Q: Tell us something about yourself and how you got into writing?
AP: My childhood was spent in various places of Bihar and my glory lay in the fact they people said I wrote good letters. J Those were the days of snail mail and I was commended by friends and family as a great letter writer. They tell me they were transported to the place that I’d described in the letter, and these remarks (I learnt the word compliment later) made me feel like a great writer. Also, when my essays were read out in class, it boosted my morale. But I never really envisioned that I would be a writer.
I wanted to grow up, major in English and teach the subject so I did that. I was the most job satisfied person around me and could never understand why people didn’t choose a career they were cut out for and stop cribbing about all things work-related. After teaching for over nine years, I moved to corporate training. The company was looking for a trainer with a language background and I glided into my new role. Here, I was happy training and sending mails to colleagues that cracked them up. The occasional article that got selected for the office magazine made me feel like a Pulitzer winner.
And then London happened. My husband, an IT professional, was headed to UK for a year and I was not to be left behind. I quit my corporate job and happily flew to meet The Queen. With no job to go to, I felt like an explorer and soaked in the English environs. After I’d had my share of cheese cakes, fish & chips and Stratford-upon-Avon, I got into blogging. Not without relentless online pestering from my mother in India about why I was ‘wasting time’ and ‘at least not writing’ about my experiences, if I hadn’t taken a job there! Blogging put me into a strict writing regimen and when a friend told me about Indirom, the flagship of Indireads, I’d gotten into the habit of sitting at the laptop and typing away. It is a fattening job, I tell you, and I’m grateful that my Love’s Labor was not lost.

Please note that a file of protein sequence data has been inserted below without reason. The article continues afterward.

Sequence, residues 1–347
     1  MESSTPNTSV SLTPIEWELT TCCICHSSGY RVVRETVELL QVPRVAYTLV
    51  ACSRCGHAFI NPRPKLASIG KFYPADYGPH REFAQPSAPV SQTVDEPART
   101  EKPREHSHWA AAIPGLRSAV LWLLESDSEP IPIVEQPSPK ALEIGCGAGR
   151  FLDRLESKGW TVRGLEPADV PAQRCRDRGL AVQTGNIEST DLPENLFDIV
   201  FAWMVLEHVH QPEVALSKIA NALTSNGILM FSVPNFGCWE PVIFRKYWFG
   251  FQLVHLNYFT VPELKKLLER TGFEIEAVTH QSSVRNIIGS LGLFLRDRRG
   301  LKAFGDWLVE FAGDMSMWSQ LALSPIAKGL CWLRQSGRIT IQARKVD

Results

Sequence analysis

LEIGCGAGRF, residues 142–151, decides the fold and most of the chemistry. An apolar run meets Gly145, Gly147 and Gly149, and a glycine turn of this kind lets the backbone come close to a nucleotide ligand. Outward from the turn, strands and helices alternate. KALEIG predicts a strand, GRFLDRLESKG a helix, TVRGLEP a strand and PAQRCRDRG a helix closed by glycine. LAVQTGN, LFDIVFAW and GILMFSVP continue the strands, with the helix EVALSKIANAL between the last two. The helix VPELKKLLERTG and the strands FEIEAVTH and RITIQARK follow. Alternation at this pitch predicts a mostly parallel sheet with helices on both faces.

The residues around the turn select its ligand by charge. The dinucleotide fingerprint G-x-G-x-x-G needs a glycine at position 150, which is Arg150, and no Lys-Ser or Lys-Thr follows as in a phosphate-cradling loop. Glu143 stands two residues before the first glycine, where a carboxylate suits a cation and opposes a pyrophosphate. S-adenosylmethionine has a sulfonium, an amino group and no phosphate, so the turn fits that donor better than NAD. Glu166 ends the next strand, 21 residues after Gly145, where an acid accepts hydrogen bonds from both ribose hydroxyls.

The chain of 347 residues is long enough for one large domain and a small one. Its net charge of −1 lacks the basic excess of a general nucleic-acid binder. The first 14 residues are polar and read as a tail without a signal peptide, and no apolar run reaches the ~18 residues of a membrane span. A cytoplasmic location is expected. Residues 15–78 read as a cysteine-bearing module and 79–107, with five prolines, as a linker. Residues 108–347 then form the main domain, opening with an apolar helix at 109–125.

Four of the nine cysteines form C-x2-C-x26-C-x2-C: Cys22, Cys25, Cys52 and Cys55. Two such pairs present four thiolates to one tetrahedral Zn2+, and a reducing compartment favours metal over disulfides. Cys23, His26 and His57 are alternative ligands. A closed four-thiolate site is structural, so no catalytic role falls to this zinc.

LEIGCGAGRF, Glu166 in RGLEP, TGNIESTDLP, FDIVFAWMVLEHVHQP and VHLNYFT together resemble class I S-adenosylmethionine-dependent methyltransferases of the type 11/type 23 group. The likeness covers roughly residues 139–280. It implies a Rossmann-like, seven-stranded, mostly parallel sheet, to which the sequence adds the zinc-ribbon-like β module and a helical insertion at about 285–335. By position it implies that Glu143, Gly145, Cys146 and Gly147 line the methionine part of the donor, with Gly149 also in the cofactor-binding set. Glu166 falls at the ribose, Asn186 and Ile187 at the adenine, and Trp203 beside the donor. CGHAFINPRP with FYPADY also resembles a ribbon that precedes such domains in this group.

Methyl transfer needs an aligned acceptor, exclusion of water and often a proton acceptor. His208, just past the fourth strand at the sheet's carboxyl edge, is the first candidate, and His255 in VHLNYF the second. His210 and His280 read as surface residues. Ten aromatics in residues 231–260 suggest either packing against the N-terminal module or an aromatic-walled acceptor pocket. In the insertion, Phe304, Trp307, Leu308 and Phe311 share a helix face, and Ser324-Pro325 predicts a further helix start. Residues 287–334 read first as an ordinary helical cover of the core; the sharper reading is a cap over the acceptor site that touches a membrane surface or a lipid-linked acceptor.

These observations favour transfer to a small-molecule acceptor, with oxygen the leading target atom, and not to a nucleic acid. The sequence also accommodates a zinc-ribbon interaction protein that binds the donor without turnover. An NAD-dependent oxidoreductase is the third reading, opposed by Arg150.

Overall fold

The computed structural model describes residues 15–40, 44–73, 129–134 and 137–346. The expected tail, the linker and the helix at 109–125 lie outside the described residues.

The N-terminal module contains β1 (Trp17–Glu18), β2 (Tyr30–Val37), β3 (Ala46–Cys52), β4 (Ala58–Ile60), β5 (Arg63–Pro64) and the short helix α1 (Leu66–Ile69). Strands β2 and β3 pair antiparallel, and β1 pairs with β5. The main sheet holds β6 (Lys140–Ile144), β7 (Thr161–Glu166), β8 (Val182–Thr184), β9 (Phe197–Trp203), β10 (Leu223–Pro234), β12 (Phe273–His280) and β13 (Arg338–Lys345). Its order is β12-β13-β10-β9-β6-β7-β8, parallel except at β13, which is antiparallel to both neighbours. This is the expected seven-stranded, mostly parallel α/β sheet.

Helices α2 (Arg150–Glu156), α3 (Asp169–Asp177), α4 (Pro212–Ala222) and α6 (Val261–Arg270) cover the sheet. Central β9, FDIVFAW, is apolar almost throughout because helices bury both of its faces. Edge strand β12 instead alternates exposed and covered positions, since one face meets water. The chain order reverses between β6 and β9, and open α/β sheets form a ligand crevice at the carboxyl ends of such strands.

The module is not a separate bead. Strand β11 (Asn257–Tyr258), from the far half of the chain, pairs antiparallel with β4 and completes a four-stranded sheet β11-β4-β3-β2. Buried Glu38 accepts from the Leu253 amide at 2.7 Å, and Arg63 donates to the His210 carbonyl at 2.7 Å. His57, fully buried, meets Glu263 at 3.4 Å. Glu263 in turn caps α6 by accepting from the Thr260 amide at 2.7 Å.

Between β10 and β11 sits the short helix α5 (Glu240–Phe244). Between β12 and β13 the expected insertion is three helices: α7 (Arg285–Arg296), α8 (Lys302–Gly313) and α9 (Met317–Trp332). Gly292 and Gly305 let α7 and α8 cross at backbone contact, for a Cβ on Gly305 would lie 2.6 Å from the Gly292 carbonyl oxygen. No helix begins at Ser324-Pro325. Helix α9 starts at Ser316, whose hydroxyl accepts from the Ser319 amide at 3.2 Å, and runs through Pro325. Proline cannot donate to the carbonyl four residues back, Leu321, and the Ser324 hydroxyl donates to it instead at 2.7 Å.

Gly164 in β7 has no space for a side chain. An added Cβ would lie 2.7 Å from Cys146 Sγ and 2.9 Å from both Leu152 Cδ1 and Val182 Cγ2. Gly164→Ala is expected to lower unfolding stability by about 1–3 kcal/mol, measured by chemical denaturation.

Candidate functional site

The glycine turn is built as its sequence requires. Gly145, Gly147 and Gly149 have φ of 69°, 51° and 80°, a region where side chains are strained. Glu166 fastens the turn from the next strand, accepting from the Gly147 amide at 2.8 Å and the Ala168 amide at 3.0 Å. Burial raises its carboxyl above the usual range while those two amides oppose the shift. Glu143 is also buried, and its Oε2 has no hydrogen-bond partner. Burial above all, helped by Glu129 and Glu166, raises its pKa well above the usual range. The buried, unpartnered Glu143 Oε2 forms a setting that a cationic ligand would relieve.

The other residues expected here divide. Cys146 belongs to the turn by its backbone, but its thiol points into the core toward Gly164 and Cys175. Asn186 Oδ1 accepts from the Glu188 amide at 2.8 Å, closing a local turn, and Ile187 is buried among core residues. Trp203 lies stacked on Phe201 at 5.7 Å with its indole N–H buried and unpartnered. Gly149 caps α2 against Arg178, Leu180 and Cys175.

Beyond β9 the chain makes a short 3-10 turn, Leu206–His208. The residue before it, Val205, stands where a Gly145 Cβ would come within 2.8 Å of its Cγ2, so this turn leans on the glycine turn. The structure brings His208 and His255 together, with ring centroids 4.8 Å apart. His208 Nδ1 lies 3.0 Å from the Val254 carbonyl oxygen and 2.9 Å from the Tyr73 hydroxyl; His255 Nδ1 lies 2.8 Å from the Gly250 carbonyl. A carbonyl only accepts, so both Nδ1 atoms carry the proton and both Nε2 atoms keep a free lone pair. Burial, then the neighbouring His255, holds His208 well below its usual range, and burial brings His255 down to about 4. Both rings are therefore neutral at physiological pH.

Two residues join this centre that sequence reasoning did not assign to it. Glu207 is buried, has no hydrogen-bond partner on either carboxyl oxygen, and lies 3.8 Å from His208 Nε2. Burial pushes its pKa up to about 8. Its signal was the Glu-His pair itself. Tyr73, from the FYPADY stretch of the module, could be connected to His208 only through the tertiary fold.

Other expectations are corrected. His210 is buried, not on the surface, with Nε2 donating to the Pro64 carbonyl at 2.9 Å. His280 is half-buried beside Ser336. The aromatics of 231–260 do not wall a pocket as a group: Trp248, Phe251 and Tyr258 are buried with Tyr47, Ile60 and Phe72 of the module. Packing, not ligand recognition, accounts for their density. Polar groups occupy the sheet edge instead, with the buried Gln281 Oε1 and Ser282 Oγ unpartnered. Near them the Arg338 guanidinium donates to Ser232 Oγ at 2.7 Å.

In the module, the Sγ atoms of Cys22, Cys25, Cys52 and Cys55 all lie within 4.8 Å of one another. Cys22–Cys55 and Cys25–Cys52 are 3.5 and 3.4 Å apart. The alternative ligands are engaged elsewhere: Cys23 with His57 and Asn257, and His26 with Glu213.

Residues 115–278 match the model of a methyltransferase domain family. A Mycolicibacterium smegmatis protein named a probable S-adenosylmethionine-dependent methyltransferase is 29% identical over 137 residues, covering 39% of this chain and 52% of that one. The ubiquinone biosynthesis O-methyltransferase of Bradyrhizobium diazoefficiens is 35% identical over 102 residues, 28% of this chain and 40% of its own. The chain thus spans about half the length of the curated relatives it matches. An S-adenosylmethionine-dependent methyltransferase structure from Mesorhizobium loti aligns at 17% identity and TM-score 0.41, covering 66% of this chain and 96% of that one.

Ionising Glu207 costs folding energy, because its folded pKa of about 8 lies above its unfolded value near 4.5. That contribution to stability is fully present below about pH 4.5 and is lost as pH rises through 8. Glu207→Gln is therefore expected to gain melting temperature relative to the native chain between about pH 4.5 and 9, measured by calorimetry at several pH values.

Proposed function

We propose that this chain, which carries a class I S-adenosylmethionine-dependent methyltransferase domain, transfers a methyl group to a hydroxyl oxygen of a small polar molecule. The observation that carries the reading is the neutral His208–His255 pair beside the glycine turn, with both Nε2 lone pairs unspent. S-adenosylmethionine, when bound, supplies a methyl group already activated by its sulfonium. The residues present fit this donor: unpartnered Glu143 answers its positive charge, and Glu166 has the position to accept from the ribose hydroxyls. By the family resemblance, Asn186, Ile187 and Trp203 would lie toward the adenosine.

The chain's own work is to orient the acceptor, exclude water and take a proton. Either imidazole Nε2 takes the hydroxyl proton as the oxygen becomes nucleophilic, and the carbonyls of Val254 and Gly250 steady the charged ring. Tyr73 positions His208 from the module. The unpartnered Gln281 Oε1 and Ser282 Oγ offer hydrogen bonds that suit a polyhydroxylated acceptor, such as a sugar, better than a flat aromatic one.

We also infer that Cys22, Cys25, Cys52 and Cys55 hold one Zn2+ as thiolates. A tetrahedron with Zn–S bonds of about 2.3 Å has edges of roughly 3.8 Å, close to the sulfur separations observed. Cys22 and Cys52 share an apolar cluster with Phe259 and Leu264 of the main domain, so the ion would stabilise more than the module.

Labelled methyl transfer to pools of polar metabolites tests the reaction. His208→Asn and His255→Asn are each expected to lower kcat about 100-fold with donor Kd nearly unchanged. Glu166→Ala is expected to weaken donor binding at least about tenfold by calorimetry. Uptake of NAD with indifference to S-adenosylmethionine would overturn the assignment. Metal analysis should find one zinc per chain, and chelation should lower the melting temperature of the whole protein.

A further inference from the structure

Q: Your experience of writing a book – easy as pie or hard as nails?
AP: I’ve written only one just now and it was hard. I hadn’t expected that! I thought writing came easily to me- I was blogging and wrote short pieces all my life- but a full-length book is a different ball-game, I realize. The edits that came forth squashed me completely and I’d almost given up, till, with divine intervention, Love’s Labor saw the light of day.
Q: What motivates you to write?
AP: Everything. I don’t know too many other things that make me as happy as when I’m involved in the writing process.
Q: What inspired you to write this book?
AP: I could never understand the fuss surrounding love and inter-caste marriage in our society. Love’s Labor is a story that I saw unfold in my family. The drama that ordinary people are capable of, the politics that unrelenting parents play with their rebellious children and the resentment that brews in young hearts are all that I am privy to. The saga needed telling, more for my own catharsis than for the reader to critique. You can read more about the background of Love’s Labor here.
Q: Please describe your book briefly.
AP: Love’s Labor is a story about Piali Roy, an English teacher, & Sathya Nair, an animator, who are brought together by circumstances, and despite behavioural and communal differences, end up falling in love. All very well. What is not is the reaction of the two families, and a third’s. That of the girl’s who Sathya was slated to marry, when Piali took his life by storm.